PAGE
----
To prevent the rise of a "Second Order," FBI undercover agents would become it.

Have a favorite piece that we missed? Leave the link in the comments or tweet it to @longform. For more great writing, check out Longform's complete archive.

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Feature

Longform's Picks of the Week

The best reads from around the world.

Every weekend, Longform highlights its favorite international articles of the week. For daily picks of new and classic nonfiction, check out Longform or follow @longform on Twitter. Have an iPad? Download Longform's brand-new app and read all of the latest in-depth stories from dozens of magazines, including Foreign Policy.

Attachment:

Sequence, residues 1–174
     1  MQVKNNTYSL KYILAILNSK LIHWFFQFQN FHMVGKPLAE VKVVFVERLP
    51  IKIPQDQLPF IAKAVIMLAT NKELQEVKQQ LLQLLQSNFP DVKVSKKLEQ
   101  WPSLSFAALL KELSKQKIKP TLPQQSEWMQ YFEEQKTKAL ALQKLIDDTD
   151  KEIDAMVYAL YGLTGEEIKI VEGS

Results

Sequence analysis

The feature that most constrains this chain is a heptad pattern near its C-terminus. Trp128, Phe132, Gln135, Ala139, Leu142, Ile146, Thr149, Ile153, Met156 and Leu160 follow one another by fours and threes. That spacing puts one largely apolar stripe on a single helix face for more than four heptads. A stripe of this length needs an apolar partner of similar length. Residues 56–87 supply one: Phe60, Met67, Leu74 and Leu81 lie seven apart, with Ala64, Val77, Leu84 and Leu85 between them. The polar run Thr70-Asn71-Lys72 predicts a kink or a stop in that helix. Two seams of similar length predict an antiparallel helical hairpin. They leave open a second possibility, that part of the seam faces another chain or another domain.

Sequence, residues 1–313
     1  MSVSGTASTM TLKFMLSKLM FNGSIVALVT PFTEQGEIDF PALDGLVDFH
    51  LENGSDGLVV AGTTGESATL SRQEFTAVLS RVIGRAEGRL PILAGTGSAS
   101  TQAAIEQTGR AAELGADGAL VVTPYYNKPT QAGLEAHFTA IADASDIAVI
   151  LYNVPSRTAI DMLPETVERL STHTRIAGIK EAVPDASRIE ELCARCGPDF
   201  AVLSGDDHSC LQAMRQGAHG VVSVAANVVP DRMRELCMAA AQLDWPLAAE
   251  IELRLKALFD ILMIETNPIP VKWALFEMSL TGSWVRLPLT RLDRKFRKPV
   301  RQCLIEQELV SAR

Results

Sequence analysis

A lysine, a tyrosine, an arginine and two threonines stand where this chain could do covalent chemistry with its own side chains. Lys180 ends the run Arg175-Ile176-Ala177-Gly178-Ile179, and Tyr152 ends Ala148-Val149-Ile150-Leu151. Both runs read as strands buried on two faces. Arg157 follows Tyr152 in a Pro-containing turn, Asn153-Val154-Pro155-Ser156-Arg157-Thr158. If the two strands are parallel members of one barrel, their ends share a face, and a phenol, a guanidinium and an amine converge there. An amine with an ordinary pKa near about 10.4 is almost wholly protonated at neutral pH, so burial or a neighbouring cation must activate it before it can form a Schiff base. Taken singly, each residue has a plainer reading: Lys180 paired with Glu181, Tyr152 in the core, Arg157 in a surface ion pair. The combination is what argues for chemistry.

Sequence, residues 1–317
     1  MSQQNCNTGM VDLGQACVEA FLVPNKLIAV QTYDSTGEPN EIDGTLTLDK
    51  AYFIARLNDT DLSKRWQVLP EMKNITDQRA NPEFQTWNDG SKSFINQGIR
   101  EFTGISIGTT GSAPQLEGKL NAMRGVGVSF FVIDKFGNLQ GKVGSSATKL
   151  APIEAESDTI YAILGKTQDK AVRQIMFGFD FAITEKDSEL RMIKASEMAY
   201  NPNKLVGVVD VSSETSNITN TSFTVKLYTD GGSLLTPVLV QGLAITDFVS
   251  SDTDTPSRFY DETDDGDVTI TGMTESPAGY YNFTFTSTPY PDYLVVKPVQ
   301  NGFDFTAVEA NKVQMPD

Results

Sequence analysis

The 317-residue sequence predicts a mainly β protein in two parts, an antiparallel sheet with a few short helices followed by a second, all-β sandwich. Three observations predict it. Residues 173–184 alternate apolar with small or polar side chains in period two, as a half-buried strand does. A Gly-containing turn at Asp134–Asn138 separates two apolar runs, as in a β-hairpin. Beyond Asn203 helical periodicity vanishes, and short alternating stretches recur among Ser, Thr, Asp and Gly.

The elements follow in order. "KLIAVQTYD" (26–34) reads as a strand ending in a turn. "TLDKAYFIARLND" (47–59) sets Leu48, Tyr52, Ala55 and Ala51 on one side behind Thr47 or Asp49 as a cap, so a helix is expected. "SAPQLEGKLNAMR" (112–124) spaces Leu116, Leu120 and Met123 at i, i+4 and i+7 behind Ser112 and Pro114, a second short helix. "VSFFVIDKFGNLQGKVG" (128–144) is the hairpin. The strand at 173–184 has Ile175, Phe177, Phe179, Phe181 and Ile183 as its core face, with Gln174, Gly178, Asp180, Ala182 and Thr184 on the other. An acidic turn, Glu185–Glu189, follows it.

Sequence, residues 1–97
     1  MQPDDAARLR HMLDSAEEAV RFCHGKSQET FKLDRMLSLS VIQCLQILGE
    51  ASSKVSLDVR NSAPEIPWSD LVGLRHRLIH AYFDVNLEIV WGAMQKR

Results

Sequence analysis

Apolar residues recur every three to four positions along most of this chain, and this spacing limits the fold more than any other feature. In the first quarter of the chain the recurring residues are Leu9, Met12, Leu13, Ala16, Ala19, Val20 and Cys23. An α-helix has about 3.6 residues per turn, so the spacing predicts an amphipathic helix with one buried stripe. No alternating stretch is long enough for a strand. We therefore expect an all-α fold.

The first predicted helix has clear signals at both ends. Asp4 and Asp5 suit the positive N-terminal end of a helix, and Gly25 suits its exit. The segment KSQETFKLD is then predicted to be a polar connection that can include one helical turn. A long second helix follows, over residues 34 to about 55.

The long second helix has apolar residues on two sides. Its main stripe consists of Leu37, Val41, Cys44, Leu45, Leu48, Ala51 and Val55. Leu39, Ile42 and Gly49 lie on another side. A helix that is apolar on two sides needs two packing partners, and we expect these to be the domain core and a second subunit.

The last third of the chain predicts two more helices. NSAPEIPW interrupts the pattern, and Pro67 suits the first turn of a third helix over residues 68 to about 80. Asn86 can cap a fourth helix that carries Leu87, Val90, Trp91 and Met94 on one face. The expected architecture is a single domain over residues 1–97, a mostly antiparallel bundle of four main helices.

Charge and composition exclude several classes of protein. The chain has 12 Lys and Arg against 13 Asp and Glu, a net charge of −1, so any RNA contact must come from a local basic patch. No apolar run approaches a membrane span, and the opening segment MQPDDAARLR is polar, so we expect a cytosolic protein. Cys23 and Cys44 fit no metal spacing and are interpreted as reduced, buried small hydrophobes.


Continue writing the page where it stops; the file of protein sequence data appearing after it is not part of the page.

The Camorra Never Sleeps, by Aaron Shulma. Los Angeles Review of Books.

The enduring system of organized crime in Naples:

Silence is a Neapolitan birthright. The city has such a culture of it that some years ago, when an innocent girl was killed in a Camorra crossfire, many of the witnesses who had initially identified the shooters to the police recanted their statements during the trial that ensued. In frustration, the investigating judge lost his calm and began berating the witnesses, as if here in the courtroom he had come face-to-face with the Camorra itself. He had not. He had come face-to-face with ordinary Neapolitans. You cannot really berate the Camorra. If you try, you will find yourself meeting blank stares.